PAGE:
I’m planning on setting-up a 600AH solar battery bank comprised of LiFePo 12V 100AH batteries, which seem to be the most common (and reasonably priced) type offered by China manufacturers. In order to have a 48v system, it appears that I would have to have 6 parallel strings of 4 batteries connected in series. Is this design feasible? I have seen some solar sites which indicate that max # of battery strings limited to 4 only. Would this set-up need any special balancing circuitry or maintenance?
Your expert advice would be appreciated. Thanks
One for you @Sparky.
I definitely would not do what you have suggested. You do not setup a lithium battery bank the same way as lead-acid batteries. Most lithium batteries (depending on the BMS) cannot be used series to increase the voltage as you suggested and this could be dangerous.
Unlike lead-acid batteries which use 2V, 6V or 12V cells in series to get 48V, with lithium you simply purchase a 48V lithium battery module. These are common in Australia and the US and brands like PylonTech and BYD are Chinese so I would recommend these batteries.
Most lithium batteries systems are only designed to be used in parallel, not series.
What inverter are you planning on using? This will determine what lithium battery you can use.
At Most 2 parallel bank more than 2 ( can be a Fire Hazard ) not advisable hard to balanced the charge
Get a pro to design the sys Good luck
Regards Mel Solar Hybrid Solutions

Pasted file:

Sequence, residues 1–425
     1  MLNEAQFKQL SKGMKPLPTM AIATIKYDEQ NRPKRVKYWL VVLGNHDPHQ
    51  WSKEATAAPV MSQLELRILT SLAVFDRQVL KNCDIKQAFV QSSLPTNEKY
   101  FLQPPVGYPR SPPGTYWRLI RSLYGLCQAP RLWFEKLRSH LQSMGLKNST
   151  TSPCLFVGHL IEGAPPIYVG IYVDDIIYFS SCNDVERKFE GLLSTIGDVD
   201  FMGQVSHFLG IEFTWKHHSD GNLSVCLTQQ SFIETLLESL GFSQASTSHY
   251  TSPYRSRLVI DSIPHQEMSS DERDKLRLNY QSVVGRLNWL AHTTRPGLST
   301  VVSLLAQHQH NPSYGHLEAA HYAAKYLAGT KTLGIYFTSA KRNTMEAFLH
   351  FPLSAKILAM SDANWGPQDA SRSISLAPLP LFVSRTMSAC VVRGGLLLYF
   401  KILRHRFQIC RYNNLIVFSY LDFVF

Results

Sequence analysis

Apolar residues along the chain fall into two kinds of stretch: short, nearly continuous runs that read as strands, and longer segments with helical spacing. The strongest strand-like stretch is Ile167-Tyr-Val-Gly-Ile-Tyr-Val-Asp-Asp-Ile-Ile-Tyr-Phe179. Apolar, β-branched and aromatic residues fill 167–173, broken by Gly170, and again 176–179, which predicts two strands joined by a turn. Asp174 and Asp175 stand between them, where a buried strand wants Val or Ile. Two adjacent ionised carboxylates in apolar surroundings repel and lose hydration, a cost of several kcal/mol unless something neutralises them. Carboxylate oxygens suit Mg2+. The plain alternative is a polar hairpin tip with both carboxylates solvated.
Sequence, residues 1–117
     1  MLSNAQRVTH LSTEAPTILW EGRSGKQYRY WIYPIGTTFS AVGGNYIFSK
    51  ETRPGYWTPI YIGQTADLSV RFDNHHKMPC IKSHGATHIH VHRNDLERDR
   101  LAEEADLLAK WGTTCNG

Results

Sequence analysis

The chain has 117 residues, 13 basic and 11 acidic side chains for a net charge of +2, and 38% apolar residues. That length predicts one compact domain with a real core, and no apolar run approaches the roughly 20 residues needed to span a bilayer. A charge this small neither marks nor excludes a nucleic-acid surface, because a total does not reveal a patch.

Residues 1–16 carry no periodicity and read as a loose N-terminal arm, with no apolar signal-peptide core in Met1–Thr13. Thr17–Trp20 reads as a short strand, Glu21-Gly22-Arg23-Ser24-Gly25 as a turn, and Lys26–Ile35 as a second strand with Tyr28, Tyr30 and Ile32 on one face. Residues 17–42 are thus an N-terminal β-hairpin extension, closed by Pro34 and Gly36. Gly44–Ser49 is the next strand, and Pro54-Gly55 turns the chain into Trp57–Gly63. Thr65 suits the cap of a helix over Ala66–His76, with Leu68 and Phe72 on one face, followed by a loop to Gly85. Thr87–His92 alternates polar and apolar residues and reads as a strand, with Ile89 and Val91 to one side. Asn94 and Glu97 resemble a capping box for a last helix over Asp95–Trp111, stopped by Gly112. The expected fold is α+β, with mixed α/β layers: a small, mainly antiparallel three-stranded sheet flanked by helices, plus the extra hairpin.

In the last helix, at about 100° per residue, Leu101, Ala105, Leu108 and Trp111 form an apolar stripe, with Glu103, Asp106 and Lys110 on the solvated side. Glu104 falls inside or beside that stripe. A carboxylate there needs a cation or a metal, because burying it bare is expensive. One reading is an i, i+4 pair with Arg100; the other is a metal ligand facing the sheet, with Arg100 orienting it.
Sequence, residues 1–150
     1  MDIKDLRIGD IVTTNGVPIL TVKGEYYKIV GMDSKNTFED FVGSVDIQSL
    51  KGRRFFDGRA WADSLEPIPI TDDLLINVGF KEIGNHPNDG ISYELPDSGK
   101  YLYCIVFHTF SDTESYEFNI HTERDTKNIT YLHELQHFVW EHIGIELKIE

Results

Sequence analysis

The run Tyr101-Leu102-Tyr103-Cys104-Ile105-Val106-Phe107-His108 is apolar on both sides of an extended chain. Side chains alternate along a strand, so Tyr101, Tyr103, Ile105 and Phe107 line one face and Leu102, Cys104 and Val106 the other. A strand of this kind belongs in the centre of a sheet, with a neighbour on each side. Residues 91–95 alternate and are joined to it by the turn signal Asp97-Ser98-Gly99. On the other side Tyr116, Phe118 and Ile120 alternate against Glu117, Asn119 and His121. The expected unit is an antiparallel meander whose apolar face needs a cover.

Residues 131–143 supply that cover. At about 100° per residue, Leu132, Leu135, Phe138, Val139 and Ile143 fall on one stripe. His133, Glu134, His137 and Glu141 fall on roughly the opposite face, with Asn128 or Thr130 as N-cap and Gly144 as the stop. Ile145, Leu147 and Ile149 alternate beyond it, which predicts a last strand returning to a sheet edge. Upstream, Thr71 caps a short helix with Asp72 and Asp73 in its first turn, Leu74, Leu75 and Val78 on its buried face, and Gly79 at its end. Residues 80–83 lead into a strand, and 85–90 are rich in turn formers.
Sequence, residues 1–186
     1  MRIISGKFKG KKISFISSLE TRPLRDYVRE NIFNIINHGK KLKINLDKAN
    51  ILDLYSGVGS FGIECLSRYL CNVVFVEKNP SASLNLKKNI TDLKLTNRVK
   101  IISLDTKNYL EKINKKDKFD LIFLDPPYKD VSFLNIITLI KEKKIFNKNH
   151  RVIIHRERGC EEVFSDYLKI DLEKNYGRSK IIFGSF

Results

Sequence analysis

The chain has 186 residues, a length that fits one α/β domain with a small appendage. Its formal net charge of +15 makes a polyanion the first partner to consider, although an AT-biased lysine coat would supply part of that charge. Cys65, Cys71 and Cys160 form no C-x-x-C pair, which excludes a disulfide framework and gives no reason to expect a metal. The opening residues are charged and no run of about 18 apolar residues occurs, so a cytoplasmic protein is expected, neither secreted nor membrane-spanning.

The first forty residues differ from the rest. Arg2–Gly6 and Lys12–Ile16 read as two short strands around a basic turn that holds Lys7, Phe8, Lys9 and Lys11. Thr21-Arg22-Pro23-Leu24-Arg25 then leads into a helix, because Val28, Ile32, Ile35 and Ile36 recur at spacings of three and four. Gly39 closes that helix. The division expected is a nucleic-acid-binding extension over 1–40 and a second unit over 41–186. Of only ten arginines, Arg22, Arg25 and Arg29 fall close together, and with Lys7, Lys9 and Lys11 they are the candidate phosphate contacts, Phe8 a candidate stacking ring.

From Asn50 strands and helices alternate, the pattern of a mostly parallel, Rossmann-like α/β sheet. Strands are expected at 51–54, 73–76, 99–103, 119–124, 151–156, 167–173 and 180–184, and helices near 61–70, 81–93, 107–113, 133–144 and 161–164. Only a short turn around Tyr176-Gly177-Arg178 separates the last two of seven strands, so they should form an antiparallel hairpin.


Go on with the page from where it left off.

Hi Mel, Martin, Jason;
Thks for your respective replies.
In the Philippines, esp in the provinces outside Manila, you can find only solar equipment ‘installers’ (however not easy to find an experienced one).
Therefore, solar customers (like me) must buy the solar gear (including the inverters) or allow the installer to buy it, but as you might expect, at a (much) higher marked-up price. Warranties are only from the manufacturers.
FYI, the electric utilities do NOT buy any excess power produced from solar set-ups and in some places, off-grid solar systems are not permitted. However, as long as I pay for a back-up grid tie, then I should be able to run off my solar system 95%+ of the time…
One installer who i have contacted recommended installing qty-2 5KW “Axpert MKV” inverters (Taiwan brand I think). However, he was totally unfamiliar with LiFePO batteries or their set-up, which is why I am doing the research myself. Also another system he installed is starting to fail after only 4 years, which I suspect is due to the lack battery balancing circuitry…
How much would it cost to have a ‘professional’ design my solar system?
The most affordable solar/battery inverters are Victron Energy using DC coupled solar controllers. Do you know how to use these?
Can you purchase BYD lithium batteries in the Philippines? These are modular batteries which work with the Victron inverters. Very safe and reliable with 10 year warranty.
If you cannot get Victron or BYD then you need to find ‘self managed’ lithium batteries. This means they have an internal BMS (battery management system) and do not need to be controlled by the inverter with a comms cable.